During that same period I got some grief from the Acting Division Chaplain, a Christian Scientist, who expected me to co-lead a communion service with him for the General Protestant Service. I told him I could not, because my denomination could not accept his as Christian. He thought I was trying to shirk my duty, but I told him I’d lead it by myself. He thought I didn’t understand his church’s teaching, and gave me a book to read. I thanked him, told him I would read it, but I had to stand firm. It was a heated conversation, but he backed off (and a chaplain on post who was senior in rank came to my defense). He also had the sense to realize he wouldn’t be a fair rater when it came to evaluation time, and so had another chaplain serve as my rater who he knew would be more objective.
When I was chaplain of a tank battalion in the Vermont National Guard my commander was insistent that I do my job, ask questions, teach morality, and tell soldiers of their obligation to report immoral conduct. When I preached a sermon on this latter point, some soldiers looked nervously around at their commanders—who looked back at them, nodded, and said, “Listen up.”
Chaplain (CPT) James Yee was not as fortunate. You may recall the story. He was a Muslim chaplain assigned to Guantanamo. He did exactly as he was supposed to according to army regulations on chaplains and prisoners of war. He gave briefings for new personnel on understanding religious needs of prisoners (based on material developed at the U.S. Army Chaplain Center and School). He raised concerns to the command about treatment of prisoners. He ministered to fellow Muslims on staff and among the prisoners. Chaplain Yee did exactly as he was trained to do—exactly as I was trained to do—but his actions raised suspicions in the mind of one reserve officer. He reported Yee and accused him of espionage, and Yee was clapped in irons and thrown into solitary confinement. False charges were stacked up against him and rumors were spread in the press, but the Army eventually had to drop all charges and release him. But the damage to his character had been done.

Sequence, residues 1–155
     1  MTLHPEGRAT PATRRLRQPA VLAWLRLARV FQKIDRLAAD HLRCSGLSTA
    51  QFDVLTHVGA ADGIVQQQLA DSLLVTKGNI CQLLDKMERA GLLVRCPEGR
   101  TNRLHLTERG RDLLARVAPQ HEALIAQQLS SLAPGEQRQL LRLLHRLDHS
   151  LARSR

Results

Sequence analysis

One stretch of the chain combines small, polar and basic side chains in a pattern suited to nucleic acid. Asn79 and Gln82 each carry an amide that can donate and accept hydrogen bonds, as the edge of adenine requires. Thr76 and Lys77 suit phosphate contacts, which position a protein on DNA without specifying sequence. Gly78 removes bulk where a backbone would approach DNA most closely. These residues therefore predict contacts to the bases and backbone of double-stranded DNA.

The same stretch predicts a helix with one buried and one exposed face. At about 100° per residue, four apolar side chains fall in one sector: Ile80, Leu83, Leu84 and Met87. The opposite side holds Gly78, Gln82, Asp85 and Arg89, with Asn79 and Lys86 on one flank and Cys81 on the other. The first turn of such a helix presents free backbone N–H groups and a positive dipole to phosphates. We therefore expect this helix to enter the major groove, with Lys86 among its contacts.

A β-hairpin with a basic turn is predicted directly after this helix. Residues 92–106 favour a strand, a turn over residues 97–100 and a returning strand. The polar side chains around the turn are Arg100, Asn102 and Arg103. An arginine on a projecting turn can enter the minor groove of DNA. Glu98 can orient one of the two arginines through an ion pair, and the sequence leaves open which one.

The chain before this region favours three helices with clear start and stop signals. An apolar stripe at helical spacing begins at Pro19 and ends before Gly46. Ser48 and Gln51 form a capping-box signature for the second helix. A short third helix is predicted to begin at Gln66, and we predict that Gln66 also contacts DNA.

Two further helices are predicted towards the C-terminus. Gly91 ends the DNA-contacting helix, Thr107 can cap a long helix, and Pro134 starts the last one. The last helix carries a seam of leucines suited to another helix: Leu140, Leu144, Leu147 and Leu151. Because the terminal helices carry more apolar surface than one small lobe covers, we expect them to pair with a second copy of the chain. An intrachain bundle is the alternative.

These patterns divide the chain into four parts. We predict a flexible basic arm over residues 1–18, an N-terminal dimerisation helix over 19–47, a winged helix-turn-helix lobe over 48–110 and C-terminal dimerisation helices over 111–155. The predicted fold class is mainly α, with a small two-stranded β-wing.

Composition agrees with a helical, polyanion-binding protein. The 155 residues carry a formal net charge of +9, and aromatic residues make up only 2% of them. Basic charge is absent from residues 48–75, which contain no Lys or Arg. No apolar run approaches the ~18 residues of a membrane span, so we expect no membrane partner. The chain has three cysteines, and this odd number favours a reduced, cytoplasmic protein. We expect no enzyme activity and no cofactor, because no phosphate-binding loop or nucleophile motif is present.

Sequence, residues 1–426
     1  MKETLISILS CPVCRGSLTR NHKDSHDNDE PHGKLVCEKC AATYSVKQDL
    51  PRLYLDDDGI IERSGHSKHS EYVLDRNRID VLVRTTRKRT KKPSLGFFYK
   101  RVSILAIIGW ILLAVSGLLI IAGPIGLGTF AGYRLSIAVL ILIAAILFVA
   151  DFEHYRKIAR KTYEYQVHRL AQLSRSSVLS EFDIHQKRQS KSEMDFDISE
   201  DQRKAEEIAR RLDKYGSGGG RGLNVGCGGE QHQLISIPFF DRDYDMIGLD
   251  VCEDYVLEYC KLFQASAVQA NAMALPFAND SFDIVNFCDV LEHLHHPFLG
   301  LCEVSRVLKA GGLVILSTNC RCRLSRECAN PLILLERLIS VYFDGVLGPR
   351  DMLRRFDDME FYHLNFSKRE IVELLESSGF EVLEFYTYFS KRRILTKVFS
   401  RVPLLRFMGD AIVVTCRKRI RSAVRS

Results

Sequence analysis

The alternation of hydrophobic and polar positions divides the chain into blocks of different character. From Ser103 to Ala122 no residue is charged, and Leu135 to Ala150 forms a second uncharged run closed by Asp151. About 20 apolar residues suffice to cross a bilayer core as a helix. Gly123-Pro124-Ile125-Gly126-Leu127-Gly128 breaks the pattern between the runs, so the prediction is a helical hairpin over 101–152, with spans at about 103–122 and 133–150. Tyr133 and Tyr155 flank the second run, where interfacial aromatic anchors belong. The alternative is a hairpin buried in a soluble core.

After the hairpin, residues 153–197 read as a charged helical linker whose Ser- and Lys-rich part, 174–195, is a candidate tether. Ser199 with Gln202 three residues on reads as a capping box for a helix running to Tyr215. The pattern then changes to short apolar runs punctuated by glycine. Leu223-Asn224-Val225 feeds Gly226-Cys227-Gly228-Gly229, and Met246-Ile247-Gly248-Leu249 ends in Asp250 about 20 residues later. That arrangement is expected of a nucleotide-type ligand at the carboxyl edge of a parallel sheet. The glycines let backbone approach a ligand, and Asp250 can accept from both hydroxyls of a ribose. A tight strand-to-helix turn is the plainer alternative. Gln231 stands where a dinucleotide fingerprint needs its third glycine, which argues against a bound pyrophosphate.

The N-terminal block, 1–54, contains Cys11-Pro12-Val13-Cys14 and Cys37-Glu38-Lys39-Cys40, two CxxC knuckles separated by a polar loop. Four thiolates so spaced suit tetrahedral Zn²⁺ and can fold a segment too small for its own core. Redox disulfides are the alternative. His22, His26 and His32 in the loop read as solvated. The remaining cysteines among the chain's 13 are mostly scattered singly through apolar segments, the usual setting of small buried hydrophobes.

This was exactly the kind of retaliation my Army instructors told us to expect if we did our jobs properly during times of war. But they—and we—felt it to be worth the risk.
The role of the chaplain is to “march in his name through thunder and flame” (and sometimes that’s friendly fire) “wherever the call may be.”
Yes, there are struggles and temptations. But these temptations exist in any ministry. The question here is the same as for any other minister—will you do what you’re called to do, even in the tough times? Will you be faithful? Will you love the people of God, wherever they may be found?
Yes, the military has its share of pragmatists, careerists, and people with anger and authority issues. But it also has men and women of the highest character. Part of my role as a chaplain was to strengthen these, so that they would have a greater influence, so that they could shine as “men who will not be bought or sold, men who in their inmost souls are true and honest, men who do not fear to call sin by its right name, men whose conscience is as true to duty as the needle to the pole, men who will stand for the right though the heavens fall.”
Chaplains don’t sit on the sidelines debating hypothetical situations. They go into the trenches with their flock. They minister to people in the face of death. They put their own lives on the line, walking into fire without protection. Yes, they are “chaplains of the culture,” but I don’t see that as a pejorative. Chaplains live in a specific culture, and from that space they are able to speak to it. They take risks, and make themselves vulnerable.
It’s called “incarnational ministry,” and it is modeled on the life of Jesus. It’s a ministry of being salt and light—and it can’t be done from the outside. It’s a ministry I did by hospital beds at Walter Reed Army Medical Center, on the top of tanks in the Canadian wilderness, under the stars in the field at Ft. Drum, and in mess halls and motor pools and day rooms at Ft. Bragg. It’s a ministry I did with other men and women of faith, as well as young men and women who never would have thought to enter the door of a church. But I went to them. I spoke their language. I wore the same muddy uniform. I ate the same MREs and SOS. Together laughed and cried; together we wrestled with questions of right and wrong, of duty, honor, country. It was frustrating at times, but it was the greatest experience of my life, that has colored the way I have approached every ministry experience since. I loved it. And I miss it.
William J. Cork, D.Min. serves as an Associate Pastor at the Houston International Seventh-day Adventist Church in Texas.
This is a companion discussion topic for the original entry at http://spectrummagazine.org/node/4210